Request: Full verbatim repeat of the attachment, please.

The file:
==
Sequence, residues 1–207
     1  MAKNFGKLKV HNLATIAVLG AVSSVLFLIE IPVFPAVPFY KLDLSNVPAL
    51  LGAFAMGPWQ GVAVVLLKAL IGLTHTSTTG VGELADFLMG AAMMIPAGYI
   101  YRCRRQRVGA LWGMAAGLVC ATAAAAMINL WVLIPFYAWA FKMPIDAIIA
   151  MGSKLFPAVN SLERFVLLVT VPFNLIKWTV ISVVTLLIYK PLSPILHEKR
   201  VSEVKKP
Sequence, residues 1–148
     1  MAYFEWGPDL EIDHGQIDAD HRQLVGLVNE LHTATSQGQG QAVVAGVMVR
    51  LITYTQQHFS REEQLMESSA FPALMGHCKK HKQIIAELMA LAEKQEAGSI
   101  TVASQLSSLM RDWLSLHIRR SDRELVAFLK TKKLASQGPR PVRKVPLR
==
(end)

Sequence, residues 1–207
     1  MAKNFGKLKV HNLATIAVLG AVSSVLFLIE IPVFPAVPFY KLDLSNVPAL
    51  LGAFAMGPWQ GVAVVLLKAL IGLTHTSTTG VGELADFLMG AAMMIPAGYI
   101  YRCRRQRVGA LWGMAAGLVC ATAAAAMINL WVLIPFYAWA FKMPIDAIIA
   151  MGSKLFPAVN SLERFVLLVT VPFNLIKWTV ISVVTLLIYK PLSPILHEKR
   201  VSEVKKP
Sequence, residues 1–148
     1  MAYFEWGPDL EIDHGQIDAD HRQLVGLVNE LHTATSQGQG QAVVAGVMVR
    51  LITYTQQHFS REEQLMESSA FPALMGHCKK HKQIIAELMA LAEKQEAGSI
   101  TVASQLSSLM RDWLSLHIRR SDRELVAFLK TKKLASQGPR PVRKVPLR